AutoCAD 2015 includes many new features and enhancements in the Geographic Location feature set. As part of our what’s new in AutoCAD 2015 series, we ask the question, what is Geolocation? From the AutoCAD help “Inserting geographic location information to a drawing file makes points within the drawing correspond to geographic locations on the surface of the Earth.”
What’s new in 2015?
- You can now set the geographic location from a map using Set Location on the ribbon. The process is now wizard driven and streamlined compared to 2014.
- You can capture and plot map data. Once an area is captured it is embedded into the drawing so even without internet access you can still view and plot the specific map area
- You can dynamically increase and decrease the map image resolution. This is useful as the highest resolution satellite image isn’t always the most recent
I will admit I didn’t use this a lot in 2014, but was interested in how much more “streamlined” and “intuitive” the new workflow was. So armed with my street address and a PDF of my house I set out to insert my house in the correct geographic location
Attaching Map Data
With the Specify Location Wizard I enter the location of my house by street address, city, and country. It found the location so I picked this as the geo-marker location, which extracted the longitude, latitude, but not the elevation. A quick Google search and I entered in the elevation of the nearest city.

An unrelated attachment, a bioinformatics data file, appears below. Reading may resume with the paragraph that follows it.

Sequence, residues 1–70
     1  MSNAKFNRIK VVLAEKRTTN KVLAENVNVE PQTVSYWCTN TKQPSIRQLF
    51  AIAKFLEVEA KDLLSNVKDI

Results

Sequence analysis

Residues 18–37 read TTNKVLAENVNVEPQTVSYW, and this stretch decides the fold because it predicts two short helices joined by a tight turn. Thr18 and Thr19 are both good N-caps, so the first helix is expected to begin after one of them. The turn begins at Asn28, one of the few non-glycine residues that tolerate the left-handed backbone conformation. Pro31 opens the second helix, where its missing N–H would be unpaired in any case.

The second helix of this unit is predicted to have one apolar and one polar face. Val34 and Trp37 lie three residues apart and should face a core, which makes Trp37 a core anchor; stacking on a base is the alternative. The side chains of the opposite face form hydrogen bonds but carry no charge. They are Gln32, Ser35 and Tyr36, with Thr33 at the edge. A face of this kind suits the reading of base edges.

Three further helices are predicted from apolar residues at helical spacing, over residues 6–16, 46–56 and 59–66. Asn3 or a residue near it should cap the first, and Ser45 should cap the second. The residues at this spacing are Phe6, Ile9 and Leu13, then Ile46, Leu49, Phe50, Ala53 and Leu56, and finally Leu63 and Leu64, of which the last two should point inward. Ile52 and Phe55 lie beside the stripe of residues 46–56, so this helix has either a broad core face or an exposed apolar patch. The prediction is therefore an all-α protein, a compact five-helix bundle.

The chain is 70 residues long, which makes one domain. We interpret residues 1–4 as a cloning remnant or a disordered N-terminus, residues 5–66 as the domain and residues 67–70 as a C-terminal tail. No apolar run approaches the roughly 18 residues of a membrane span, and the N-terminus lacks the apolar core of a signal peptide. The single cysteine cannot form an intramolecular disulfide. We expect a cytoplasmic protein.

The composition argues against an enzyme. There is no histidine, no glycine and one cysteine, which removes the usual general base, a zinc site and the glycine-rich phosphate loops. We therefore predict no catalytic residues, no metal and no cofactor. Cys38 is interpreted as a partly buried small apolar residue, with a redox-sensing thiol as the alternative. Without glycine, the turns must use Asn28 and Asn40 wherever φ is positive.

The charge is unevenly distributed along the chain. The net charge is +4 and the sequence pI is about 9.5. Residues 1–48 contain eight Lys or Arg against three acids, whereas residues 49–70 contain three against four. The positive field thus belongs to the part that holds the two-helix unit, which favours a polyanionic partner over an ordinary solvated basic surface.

Next was to pick the GIS Coordinate System. This didn’t mean much to me, but the tip in the dialog said the options were sorted based on the closest system to the origin I selected. So I picked the first one in the list… this is more intuitive! After setting the origin location to 0,0,0 and the north direction to 90, the Map was inserted into my drawing… quick and painless. The resolution of the map automatically adjusts as I zoom in the drawing, and the tighter I zoom in the more detail is added.
An important detail about online Map data, it does not plot!
Next I created a Map Image as I wanted something that I could plot and that was embedded in the drawing, I don’t always need to be connected to the Autodesk 360.
Map images behave just like raster images meaning the resolution and amount of detail is fixed and by zooming in only the magnification changes. Although the mapping data is cached it maintains a link and can be updated at any time. If you don’t like the rectangular boundary you can use grips to edit it onscreen like a raster image.
As I didn’t need the online mapping data at this point anymore I used the Map display option to turn it off
As I zoomed in I realized that I didn’t have enough detail to my image and it was a bit dull. By selecting the Map Image, the Map Image Contextual Ribbon appears. I used the options to change the resolution and the brightness
Attach PDF Underlay
Next I attached the PDF of my house plan and cropped it as close a possible. I then rotated it and scaled it as close as I could. [What I really should do at this point is use Raster Design to adjust the house plan to exact fit the mapping data, but that can be a future post.]
The Geolocation features in AutoCAD 2015 are as advertised… intuitive and streamlined. With little experience with the toolset I was able to attach a map, crop it with the Map Image, and overlay my PDF. I was also very impressed by how quick the online service responded to my request and downloaded the required mapping information.
Watch Me Do it